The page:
A New England Legends holiday extra episode! Jeff Belanger tries his hand at a classic Christmas horror folktale from England. For many years, ghost stories have been a Christmas tradition. We’d love to see that return. Music and production by John Judd.
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Around here, folks will tell you that a Christmas Day wedding is bad luck. You see, there are too many forces at work during this time of year. Some are good and full of joy, but others are dark and sinister. It’s been that way for thousands of years.
When someone stands under the mistletoe, it’s customary to offer a kiss as a token sign of affection, but only if you can catch the person standing underneath.
That’s the game Mary Worthington was playing with her groom on the morning of their Christmas Day wedding.
Mary had found a wealthy, older suitor in John Pendleton. He adored his young bride as his most valued possession. And she loved the attention and affection John poured over her. “What would you like for Christmas, my darling? I’ll give you anything you want,” he said.
“I want us to be married. This very Christmas!” She replied.
John’s face turns pale, only for a moment. His mother, who is rather prone to superstitions, had told him Christmas is not the time to trifle. It should be left on its own, and nothing more. She would never approve of a Christmas wedding. But his fear of letting down his love far outweighed his concern over silly folktales.
So this Christmas morning when Mary dashed from the mistletoe before he could kiss her, John was all too happy to give chase.
“Count to ten, John. Then come find me!” She calls out as she dashes off with her white wedding dress swaying behind her like a snowy gale, and the fresh, green mistletoe in the grasp of her right hand.
Short of breath already from the day’s excitement, John begins his count.
“1, 2, 3, 4,” he counts thinking about connecting his lips with her’s.
“5, 6, 7,” He imagines the feel of her body pressed against his.
“8, 9, 10,” He dares to daydream to just a few hours from now when they will be man and wife.
“Ready or not, here I come!” He calls.
John searches through the rooms of his stately manor home. He opens the closet door ready to find his young love. But she isn’t there. When seconds turned to minutes, John’s feeling turn from playful to feeling rather foolish. He calls out to Mary.
“Very well, Mary! You’ve won! I give up. Please do come out.”
He’s only met with silence.
John searches another room, and now his temper flares.
“Mary, we’re to be wed in just a few hours. Stop with these silly games!”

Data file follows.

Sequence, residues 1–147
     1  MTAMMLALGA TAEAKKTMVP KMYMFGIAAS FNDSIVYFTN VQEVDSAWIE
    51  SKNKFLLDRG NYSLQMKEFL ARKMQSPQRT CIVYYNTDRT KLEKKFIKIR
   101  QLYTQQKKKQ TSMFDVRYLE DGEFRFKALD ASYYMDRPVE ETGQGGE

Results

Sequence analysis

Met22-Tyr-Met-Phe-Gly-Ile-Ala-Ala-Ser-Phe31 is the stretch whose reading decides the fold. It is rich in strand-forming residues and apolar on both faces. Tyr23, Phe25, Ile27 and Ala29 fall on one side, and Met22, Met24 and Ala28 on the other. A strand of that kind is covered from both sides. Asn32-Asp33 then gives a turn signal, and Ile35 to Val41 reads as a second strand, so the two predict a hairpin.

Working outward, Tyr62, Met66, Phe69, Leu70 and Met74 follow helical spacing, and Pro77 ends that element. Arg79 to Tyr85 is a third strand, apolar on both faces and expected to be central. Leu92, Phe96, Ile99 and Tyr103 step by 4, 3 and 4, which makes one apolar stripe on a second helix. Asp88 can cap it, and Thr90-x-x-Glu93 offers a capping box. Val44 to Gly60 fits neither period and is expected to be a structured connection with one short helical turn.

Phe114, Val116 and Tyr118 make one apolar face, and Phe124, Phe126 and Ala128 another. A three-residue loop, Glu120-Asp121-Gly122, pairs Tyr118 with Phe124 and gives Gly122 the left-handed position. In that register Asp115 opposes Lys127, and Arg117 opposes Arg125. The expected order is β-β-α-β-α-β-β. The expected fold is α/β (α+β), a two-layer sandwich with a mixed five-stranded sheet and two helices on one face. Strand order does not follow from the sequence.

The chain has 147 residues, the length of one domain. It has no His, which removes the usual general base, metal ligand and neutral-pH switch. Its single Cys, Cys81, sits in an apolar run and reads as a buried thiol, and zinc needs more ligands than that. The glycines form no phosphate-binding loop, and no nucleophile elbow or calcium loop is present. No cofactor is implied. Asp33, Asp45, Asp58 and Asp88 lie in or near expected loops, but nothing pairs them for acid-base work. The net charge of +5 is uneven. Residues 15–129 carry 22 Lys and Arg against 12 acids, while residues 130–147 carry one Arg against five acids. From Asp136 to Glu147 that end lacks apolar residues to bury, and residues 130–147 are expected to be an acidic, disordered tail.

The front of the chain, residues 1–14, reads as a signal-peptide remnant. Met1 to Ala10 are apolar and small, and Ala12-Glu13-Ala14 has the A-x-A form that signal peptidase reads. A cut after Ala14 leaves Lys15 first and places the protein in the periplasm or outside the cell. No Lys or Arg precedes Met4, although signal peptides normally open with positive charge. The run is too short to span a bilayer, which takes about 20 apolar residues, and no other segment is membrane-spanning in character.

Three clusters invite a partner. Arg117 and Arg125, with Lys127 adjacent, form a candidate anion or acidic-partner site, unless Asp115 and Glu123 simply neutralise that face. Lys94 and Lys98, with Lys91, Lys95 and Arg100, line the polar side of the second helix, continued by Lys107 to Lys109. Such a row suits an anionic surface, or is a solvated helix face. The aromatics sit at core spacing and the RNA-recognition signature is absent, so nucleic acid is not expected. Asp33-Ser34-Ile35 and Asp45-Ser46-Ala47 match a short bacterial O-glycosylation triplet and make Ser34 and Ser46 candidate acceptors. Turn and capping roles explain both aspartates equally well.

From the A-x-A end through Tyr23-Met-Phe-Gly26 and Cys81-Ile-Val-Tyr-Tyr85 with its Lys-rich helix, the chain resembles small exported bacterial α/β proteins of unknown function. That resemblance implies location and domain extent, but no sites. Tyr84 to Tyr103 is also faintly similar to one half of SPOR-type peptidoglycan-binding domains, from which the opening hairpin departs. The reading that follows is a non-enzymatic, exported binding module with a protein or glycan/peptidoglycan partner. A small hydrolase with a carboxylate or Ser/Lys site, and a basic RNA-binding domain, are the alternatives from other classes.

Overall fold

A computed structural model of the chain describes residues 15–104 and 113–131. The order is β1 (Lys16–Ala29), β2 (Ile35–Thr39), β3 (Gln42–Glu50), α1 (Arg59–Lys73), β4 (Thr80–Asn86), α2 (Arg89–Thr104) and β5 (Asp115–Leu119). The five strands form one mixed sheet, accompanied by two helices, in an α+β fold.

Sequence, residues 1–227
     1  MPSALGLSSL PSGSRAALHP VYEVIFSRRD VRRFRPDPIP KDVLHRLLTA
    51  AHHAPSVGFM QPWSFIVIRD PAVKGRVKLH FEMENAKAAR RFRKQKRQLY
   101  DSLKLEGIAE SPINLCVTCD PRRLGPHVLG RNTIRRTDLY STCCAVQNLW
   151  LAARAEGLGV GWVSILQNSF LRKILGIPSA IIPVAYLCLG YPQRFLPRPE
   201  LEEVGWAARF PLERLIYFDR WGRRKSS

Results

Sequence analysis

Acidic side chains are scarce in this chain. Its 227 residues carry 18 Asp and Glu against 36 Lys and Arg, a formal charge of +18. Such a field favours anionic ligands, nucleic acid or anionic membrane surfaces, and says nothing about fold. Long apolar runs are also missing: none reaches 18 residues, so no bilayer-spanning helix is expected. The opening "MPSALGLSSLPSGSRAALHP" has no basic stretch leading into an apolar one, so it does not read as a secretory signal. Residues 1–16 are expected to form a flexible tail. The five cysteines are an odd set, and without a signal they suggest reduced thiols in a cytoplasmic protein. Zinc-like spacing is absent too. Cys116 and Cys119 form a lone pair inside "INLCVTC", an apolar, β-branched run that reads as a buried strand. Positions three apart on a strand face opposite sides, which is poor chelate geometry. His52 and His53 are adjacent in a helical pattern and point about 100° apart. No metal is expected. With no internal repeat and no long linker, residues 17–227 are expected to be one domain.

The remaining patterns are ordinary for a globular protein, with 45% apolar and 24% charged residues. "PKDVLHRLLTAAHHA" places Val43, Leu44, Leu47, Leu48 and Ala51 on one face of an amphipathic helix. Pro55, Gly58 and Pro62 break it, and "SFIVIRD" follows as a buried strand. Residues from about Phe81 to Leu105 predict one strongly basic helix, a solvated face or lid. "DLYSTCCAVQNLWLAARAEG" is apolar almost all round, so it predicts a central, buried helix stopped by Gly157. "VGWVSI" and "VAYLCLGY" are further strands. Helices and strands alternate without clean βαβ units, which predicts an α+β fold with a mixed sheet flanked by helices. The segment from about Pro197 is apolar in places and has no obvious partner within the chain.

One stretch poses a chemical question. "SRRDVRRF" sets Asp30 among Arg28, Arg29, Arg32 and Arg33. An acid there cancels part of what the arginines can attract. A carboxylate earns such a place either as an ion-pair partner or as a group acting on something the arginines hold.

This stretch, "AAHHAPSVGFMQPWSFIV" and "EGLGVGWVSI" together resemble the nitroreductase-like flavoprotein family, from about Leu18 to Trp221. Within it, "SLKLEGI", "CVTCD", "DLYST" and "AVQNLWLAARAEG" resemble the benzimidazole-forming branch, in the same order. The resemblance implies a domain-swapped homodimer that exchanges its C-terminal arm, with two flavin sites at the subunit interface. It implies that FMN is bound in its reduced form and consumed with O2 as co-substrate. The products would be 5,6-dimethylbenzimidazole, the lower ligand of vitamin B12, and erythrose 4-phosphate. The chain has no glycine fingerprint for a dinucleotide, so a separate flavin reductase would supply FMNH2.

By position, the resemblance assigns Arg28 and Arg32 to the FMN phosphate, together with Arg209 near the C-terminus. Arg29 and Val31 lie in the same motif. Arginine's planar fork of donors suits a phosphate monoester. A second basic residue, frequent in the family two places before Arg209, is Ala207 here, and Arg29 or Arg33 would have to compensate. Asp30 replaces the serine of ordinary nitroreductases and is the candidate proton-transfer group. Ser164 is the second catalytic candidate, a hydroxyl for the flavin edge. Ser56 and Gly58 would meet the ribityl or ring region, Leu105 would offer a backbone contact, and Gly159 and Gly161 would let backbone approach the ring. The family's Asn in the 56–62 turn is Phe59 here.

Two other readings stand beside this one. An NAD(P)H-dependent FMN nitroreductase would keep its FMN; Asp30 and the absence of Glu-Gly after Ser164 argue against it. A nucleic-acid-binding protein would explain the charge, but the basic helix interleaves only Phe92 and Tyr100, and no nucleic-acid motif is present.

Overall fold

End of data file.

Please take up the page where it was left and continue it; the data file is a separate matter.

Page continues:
More silence. John implores his servants and family to aid with the search. From room to room they look, but there is no sign of Mary anywhere.
The minutes turn to hours. The time of the noon wedding arrives, then passes as guests and family look at each other with discomfort.
But John’s mother, yes, his righteous mother who values being in the veracious beyond all other things only offers her son a curious sneer. She doesn’t have to say it, he knows. He knows! She warned him of a Christmas wedding. She warned him that Christmas magic has a dark side. But did he listen? Noooo. She says all this and more with only a sneer.
Night falls with no sign of Mary. She’s gone. Simply gone.
For days, the family continues to search. They ask folks in town. They ask anyone who will listen, but Mary has vanished without so much as a dainty footprint in the snow.
After a month has passed, John orders all of Mary’s belongings to be boxed up and placed in the attic should she ever return. And soon, John closes himself up like the many boxes and trunks containing his lost love’s possessions.
Time, which is so often our enemy, takes a heavy toll on John Pendleton. As seasons pass, John finds that each room of the manor house holds too many memories of Mary. It’s more than he can bear. So he leaves.
The stately manor house sits empty for many years, save for the pitter patter of ghostly feet. Because homes can hold memories the same as people. As the painted façade faded and turned gray, so too did John, until the man crumbled, never recovering from his broken heart.
When twenty years had passed, the family took it upon themselves to sell the old manor house. As they enter the attic to empty out any old belonging, they see a strange trunk sitting by itself in the corner. Curious, the servants approach. They lift the rusty old latch, and open the lid with a groaning creek.
And there, inside the trunk, lay a skeleton wearing a wedding dress, and in her hand, the spindly boney fingers hold a sprig of green mistletoe looking as fresh as the day it was picked.
Which is why folks around here will tell you a Christmas Day wedding is very bad luck indeed. Because Christmas magic also has a dark side.
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